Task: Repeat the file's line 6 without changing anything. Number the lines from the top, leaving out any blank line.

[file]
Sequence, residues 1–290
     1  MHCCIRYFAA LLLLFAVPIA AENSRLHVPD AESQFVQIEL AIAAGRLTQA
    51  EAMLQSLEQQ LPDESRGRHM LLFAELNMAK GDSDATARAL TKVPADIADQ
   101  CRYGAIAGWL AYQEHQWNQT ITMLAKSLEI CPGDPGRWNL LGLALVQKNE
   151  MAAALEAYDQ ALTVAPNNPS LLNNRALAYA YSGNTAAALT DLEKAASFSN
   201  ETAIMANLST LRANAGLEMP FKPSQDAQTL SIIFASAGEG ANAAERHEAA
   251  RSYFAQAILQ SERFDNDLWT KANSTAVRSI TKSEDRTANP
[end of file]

   201  ETAIMANLST LRANAGLEMP FKPSQDAQTL SIIFASAGEG ANAAERHEAA